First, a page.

Occupational Safety in the Oil and Gas Industry

11

July, 2016

Oil and Gas
Safety

Updated February, 2019

Some positions in the oil and gas industry are considered very dangerous, and even mild day-to-day jobs can yield injuries. However, with proper measures in place, workers in this industry can be much safer.

A few common injuries within this field are vehicular, chemical or welding, flash burn, and what the Occupational Safety and Health Administration (OSHA) calls “struck-by” injuries. According to OSHA, a struck-by injury occurs when an object forcibly strikes and causes injury to a worker. With regards to oil and gas workers, some of the most common struck-by injuries are caused by sling failures, bad connections, and unsecured pressurized lines.

To reduce the risk of a struck-by injury, properly-secured lines and connections are crucial to safety on a rig and should be checked often. Pressurized lines should be equipped with whip checks for restraint in case of failure, and each line should be monitored to ensure it stays at the proper working pressure. In addition, all lines and valves should be checked and pressure-tested after any maintenance. Slings need to be inspected regularly for wear, and stored away from damaging elements such as heat or sunlight.

Occupational Safety in the Oil and Gas Industry

Chemicals are dangerous and should always be handled by personnel who are properly trained to do so. Even mild chemicals must be handled with care. Exposure to other surfaces, chemicals, or gases or contact with skin could cause injuries or major hazards. All workplaces that utilize chemicals should be equipped with a way to remove chemicals from eyes or skin, and personnel who work with or around chemicals should bring a change of clothes to work in case of an accidental spill. If a spill happens, it needs to be cleaned up right away, and all chemicals must be stored appropriately after use.

When handling chemicals or welding equipment, Personal Protective Equipment, commonly known as PPE, is crucial. Where welding is concerned, PPE can help prevent serious injury, including flash burn. Flash burn is essentially a sunburn on the eye. Correct welding hoods, lenses, and gloves, and appropriate PPE for corresponding chemicals, can seriously protect workers and the companies they work for from major harm.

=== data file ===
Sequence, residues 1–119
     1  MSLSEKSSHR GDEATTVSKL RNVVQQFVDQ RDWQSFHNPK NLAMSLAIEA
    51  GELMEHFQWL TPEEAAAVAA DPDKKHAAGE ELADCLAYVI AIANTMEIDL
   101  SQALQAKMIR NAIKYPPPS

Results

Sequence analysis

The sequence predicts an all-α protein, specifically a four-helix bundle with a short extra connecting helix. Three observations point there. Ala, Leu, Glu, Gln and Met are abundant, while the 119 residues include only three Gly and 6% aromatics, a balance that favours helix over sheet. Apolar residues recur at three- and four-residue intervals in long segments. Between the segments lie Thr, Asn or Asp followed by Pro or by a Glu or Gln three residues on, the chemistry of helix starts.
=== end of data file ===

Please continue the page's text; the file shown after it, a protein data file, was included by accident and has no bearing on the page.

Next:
Vehicular accidents are common in and out of the workplace. Though existing laws help ensure safety during travel, there are enough hazards to still present danger, and employers can take extra measures to help their workers stay safe on the road. Doing so will also protect the company from being held liable in certain situations.

Driver programs can ensure that each vehicle the company uses is fit to drive and that each driver is fit to drive them. Companies can go the extra mile by installing devices to inhibit non-emergency cell phone use while driving, and find other ways to reduce distractions. Further, a company should never mandate, encourage, or pressure a driving employee to continue driving while he or she is feeling fatigued or otherwise impaired, and should impose safety regulations on each driver.

OSHA is dedicated to setting standards that keep workers safe on the job, but that is something that companies and workers themselves can do on their own. Taking a moment to ensure that all needed equipment is functioning properly and that the workers are fit to work and properly protected while doing so can save the workers from harm, and the companies from serious liability issues. Companies and workers involved should hold themselves and each other responsible to ensure that the workplace is a safe place to work.

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